On Gaza, an About-Face That Was Overdue
“In the wake of this decision, the world’s focus will be on the Qassam rockets Hamas is firing out of Gaza and not the coriander that Israel isn’t allowing in.” That’s how an unidentified senior aide to Prime Minister Benjamin Netanyahu, quoted by the Israeli daily Haaretz, explained the Israeli government’s decision to significantly ease its siege of Gaza. As Netanyahu himself put it: “There will be no civilian closure of Gaza but there will be a security closure. That security closure will be tightened from now on.”
The announcement of a policy change is welcome, if long overdue. The Israeli government is effectively acknowledging that its policy of punishing Gazans for the actions of Hamas has harmed Israel’s national interests. One must ask, however, why it took the flotilla debacle and the resulting international and domestic pressure to change this flawed policy. After all, for the past three years, Israeli human rights groups have been warning that the economic siege was both an illegal act of collective punishment and a bad strategy for Israel.
Israel’s policy failed to achieve its stated goals. It didn’t bring down the Hamas government, and it didn’t help free captive Israeli soldier Gilad Shalit. Instead, the siege seems to have strengthened Hamas and has damaged Israel’s image.
Limiting the amount and kind of civilian goods that Gazans were allowed to import gave rise to an alternative tunnel economy. The tunnels brought many goods into Gaza that were forbidden by Israel, but at prices that were prohibitive for most Gazans, 70% of whom depend on humanitarian aid. Meanwhile, Hamas reaped the profits from the tunnels, which were run by its supporters and heavily taxed by the Hamas government. The tunnels also brought weapons into Gaza; Israeli military intelligence has warned that Hamas can now launch rockets as far as Tel Aviv.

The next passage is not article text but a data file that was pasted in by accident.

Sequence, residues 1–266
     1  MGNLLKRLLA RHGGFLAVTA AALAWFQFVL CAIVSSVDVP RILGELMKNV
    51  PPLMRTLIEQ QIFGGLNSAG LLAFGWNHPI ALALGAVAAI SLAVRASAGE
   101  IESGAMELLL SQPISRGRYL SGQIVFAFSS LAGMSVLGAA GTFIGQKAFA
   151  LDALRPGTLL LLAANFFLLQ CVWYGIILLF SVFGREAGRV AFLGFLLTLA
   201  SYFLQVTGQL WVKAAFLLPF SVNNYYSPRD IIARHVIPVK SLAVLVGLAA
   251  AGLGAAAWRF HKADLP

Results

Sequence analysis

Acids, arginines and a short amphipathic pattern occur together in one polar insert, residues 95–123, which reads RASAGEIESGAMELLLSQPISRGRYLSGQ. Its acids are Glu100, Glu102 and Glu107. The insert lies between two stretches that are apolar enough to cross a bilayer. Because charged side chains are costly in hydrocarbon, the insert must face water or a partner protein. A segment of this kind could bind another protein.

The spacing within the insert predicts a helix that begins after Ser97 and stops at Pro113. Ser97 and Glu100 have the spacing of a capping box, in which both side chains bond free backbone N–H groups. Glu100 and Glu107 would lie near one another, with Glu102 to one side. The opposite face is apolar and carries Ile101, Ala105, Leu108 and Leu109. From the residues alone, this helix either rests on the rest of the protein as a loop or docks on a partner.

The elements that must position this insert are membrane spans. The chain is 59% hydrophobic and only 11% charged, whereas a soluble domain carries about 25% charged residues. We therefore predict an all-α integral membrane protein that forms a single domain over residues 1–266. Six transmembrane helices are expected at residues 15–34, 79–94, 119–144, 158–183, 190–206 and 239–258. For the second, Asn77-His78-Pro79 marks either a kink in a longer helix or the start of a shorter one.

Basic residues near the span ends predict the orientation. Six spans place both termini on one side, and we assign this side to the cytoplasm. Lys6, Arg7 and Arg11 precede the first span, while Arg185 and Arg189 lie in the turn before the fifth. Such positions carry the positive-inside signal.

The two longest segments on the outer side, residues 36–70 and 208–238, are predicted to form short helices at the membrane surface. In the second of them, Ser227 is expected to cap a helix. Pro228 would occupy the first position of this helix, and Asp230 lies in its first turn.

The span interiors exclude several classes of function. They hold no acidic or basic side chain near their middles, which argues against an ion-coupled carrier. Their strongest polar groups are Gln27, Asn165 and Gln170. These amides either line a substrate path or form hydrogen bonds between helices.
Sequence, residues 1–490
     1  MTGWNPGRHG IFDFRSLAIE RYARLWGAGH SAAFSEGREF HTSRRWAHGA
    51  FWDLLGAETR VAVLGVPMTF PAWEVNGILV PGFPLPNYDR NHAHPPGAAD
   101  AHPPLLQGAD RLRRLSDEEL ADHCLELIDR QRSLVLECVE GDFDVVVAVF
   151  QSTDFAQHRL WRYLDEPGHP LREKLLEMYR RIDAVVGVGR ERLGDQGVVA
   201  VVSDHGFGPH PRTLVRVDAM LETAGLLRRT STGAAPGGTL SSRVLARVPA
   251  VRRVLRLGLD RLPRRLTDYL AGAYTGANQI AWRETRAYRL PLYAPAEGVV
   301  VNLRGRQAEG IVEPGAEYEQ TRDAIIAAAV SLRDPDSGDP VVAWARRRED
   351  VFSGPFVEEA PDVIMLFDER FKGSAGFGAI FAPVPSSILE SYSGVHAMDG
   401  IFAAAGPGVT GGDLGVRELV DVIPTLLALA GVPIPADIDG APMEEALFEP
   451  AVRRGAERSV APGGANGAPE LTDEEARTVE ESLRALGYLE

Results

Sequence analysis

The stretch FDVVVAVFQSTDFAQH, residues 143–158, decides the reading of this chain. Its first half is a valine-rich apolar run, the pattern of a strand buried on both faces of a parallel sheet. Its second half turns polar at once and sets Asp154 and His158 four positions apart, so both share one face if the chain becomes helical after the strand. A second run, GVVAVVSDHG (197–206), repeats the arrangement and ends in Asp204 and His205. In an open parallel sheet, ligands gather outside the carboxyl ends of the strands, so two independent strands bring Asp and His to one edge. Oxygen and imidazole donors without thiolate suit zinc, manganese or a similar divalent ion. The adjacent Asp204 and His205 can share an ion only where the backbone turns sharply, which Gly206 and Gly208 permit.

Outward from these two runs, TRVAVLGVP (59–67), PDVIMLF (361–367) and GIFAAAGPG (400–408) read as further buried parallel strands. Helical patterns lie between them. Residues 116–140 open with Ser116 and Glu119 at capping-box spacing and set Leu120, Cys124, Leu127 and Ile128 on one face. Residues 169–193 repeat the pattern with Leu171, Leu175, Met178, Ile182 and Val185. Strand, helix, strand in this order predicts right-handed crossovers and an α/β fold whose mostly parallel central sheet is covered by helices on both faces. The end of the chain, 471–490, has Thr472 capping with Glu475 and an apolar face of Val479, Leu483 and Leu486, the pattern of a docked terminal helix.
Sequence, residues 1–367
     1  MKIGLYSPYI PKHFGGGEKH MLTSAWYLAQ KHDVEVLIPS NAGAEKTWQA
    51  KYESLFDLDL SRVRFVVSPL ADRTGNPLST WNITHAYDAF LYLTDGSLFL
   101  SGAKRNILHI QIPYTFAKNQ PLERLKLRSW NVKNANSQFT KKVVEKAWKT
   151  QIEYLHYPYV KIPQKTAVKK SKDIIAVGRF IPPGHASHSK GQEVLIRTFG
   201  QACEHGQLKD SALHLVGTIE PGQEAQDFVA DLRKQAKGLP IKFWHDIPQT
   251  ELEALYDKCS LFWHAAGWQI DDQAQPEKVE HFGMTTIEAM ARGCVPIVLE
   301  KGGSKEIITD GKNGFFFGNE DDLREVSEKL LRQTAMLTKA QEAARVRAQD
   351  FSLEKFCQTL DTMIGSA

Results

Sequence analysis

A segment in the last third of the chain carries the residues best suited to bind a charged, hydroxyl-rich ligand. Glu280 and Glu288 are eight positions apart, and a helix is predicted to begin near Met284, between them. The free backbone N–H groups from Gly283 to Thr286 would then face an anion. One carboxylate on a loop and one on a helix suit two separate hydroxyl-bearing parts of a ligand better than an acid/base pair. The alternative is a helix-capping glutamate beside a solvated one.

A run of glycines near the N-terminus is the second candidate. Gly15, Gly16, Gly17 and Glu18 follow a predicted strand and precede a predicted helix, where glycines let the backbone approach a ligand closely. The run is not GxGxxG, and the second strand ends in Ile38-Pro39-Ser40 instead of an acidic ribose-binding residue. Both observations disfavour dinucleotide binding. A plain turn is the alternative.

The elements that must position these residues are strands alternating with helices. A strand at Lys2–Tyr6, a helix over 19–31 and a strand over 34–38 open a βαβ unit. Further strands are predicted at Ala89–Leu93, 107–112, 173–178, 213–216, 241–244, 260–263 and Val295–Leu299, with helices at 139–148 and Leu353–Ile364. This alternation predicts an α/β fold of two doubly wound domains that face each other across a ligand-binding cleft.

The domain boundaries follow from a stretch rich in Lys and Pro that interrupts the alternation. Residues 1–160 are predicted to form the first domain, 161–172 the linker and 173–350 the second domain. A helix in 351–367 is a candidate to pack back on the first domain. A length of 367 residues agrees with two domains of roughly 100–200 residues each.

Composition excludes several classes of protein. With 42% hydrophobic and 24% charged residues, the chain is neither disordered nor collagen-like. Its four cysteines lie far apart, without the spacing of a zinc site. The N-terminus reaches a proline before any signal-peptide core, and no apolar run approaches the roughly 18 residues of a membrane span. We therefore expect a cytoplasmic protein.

But if Israel were to allow civilian goods to flow freely into Gaza, the economic justification for the smuggling tunnels would vanish. Reducing the overall flow of goods being smuggled via the tunnels would make it easier to crack down on weapons-smuggling on the Gaza-Egypt border. Shipments of civilian goods could be inspected to prevent weapons from being sent to Hamas.
The full scope of the recently announced changes to Israeli policy toward Gaza remains to be seen. Ultimately, Gaza needs more than just food and consumer goods. Before the introduction of the siege, Gaza’s economy was based primarily on export of agricultural products, textiles and manufactured goods. Gazans need to be able to import raw materials and export their products so that economic activity can resume.
Allowing Gaza to have a functioning economy is not only the right thing to do, it is also in Israel’s interest. It would reduce the dependence of Gaza’s population on Hamas and reinforce Israel’s standing in the diplomatic arena.
The easing of Israel’s economic siege is not coming a moment too soon. But it has left many American friends of Israel who had unquestioningly defended Israeli government policy toward Gaza playing catch-up, at a loss to explain the rapid about-face. After all, if preventing the importation of coriander and cement isn’t advancing Israeli security today, it likely wasn’t advancing it for the past three years. This reality, however, teaches an important lesson, namely that the policies pursued by Israeli governments are not always in Israel’s best interest.
Uri Zaki is U.S.A. director of B’Tselem: The Israeli Information Center for Human Rights in the Occupied Territories.